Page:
Stars and How They Form - videos with sign language
We are Anna McCartney and Lyssa Matsche. We are from the Wisconsin School for the Deaf.
We created an ASL video with captions, but no audio, to explain the simulations that Luisa presented during the June 2010 workshop.
Here is a link to the video. You may need to use Safari to view it.
Behind the Scenes as we prepare for making the video and practice the sign language we will use.
Jen VanDerMolen's Reflections about Deaf and Hard of Hearing students and opportunities for STEM learning and careers.
cience is one of those subjects that high school and college students shy away from unless they have a natural affinity towards it. This is probably even truer for Deaf students. In talking with Deaf adults, many have shared that at times teachers actually encouraged them to stay away from higher-level science activities and studies because it was thought to be too difficult for a Deaf person to understand the concepts and the vocabulary. This is not true at all.
King Jordan, former president of Gallaudet University was quoted saying, ‘Deaf people can do anything but hear.’ They can do science and can bring a fresh perspective to the science world because of their approach to learning. Because of their experiences and the way Deaf individual interact with the world, they are able to propose new ideas and are capable of making great life changing contributions to the Science and Technology fields that will impact both Deaf and hearing people. It is imperative that they are given opportunities to participate in higher level science activities to help encourage their involvement in the Science world.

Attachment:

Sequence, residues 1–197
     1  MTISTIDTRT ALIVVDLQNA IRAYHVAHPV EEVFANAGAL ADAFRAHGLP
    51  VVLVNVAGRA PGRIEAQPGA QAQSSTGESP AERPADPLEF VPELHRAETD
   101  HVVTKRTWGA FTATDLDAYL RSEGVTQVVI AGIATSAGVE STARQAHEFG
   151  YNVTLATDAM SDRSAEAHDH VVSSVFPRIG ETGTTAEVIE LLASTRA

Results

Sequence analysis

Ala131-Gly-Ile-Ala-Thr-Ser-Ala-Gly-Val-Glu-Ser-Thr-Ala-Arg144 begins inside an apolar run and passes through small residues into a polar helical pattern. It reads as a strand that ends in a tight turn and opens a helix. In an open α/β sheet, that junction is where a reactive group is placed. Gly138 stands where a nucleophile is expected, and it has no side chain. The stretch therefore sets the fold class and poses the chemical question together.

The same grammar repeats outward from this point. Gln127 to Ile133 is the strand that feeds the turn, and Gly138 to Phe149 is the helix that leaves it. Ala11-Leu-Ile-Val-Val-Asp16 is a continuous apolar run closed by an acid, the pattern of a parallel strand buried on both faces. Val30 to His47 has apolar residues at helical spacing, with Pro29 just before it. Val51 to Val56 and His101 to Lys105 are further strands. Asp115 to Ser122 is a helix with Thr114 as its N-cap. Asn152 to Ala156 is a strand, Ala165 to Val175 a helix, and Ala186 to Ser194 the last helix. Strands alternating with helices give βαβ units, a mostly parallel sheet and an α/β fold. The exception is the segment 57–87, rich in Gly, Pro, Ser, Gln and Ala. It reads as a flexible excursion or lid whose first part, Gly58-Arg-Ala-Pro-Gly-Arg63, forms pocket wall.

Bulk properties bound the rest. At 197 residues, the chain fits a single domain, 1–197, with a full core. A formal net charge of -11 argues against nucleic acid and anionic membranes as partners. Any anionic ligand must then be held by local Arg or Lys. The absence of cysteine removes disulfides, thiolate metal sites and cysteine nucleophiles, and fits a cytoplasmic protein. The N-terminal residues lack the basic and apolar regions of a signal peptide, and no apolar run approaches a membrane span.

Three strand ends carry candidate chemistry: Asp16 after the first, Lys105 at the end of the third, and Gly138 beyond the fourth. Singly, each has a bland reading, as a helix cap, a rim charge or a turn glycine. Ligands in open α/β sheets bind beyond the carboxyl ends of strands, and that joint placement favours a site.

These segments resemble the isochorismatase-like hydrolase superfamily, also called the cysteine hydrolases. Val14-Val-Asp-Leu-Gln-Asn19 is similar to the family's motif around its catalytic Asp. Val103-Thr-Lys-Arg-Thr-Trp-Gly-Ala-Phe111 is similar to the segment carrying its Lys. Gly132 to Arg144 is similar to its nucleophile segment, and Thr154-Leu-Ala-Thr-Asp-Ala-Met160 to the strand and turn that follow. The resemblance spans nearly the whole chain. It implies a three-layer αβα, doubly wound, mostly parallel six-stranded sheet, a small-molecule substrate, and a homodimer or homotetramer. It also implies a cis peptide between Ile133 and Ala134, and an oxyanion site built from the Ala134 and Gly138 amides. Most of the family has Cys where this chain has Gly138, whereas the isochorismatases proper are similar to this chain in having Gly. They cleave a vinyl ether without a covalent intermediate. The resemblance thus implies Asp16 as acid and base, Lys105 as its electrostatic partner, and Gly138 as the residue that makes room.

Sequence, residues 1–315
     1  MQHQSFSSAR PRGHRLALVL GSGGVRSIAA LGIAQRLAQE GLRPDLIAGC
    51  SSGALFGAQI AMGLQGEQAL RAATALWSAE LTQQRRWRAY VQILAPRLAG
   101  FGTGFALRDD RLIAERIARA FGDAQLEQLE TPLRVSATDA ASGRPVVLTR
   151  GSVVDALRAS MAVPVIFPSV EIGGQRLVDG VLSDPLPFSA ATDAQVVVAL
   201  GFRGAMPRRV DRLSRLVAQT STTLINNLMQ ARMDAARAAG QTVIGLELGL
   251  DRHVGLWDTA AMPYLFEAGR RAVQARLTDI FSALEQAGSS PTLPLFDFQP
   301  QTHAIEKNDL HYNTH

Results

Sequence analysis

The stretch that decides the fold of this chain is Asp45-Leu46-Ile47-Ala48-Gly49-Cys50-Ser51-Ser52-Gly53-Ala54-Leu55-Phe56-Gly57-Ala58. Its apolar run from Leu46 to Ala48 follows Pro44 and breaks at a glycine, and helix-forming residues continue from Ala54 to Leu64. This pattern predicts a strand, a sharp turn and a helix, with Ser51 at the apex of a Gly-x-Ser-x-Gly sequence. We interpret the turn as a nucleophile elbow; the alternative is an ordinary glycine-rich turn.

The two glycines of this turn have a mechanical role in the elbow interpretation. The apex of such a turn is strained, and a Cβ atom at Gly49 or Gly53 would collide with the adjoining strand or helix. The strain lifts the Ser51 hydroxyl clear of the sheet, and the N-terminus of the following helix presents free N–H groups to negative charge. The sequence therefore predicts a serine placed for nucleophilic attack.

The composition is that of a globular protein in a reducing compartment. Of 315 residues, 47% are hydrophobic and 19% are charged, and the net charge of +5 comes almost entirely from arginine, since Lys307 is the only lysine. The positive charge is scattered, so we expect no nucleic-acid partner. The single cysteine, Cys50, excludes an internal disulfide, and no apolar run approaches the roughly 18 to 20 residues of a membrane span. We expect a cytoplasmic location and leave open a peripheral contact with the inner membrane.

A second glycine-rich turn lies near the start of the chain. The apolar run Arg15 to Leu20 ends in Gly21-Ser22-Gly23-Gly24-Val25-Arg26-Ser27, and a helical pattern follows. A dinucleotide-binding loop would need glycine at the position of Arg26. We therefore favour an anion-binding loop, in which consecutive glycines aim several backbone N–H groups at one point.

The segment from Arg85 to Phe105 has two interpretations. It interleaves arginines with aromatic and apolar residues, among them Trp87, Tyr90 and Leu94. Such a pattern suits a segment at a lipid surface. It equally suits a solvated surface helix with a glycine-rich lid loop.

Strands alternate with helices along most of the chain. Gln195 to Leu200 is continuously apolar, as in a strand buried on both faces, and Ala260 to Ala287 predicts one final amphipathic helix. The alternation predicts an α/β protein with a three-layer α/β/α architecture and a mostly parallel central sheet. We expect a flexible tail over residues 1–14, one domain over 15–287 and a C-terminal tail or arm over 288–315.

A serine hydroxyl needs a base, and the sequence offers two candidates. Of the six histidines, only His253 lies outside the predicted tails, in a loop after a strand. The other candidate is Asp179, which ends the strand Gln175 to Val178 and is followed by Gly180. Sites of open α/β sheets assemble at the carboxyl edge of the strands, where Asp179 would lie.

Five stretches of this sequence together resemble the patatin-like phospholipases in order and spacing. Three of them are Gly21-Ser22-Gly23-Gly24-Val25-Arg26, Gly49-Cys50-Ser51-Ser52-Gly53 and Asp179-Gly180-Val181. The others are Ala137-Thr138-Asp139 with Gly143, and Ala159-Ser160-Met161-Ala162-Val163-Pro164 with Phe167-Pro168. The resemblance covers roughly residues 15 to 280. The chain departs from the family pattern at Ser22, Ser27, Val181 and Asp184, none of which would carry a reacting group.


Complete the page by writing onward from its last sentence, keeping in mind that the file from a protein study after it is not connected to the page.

Deaf students need adaptations and accommodations so that that information is accessible to them. Through our involvement with NITARP, we have been able to demonstrate and teach our scientists and collaborators valuable and unique accommodations for Deaf students in general. We have found that beneficial accommodations for our Deaf students include: using sign language to communicate the information, providing a visual demonstration, showing images or short video clips, using a note taker and allowing for ample time for hands-on work. Making information and instruction more visual for Deaf students is vital to their education and understanding of new material. Deaf students experience much of their world through their eyes therefore they are quick at picking out patterns visually and often times learn information by just observing. When presenting new visual information to Deaf students, it is important to make sure they have ample time to look at the visuals first and then be presented with the information through lecture.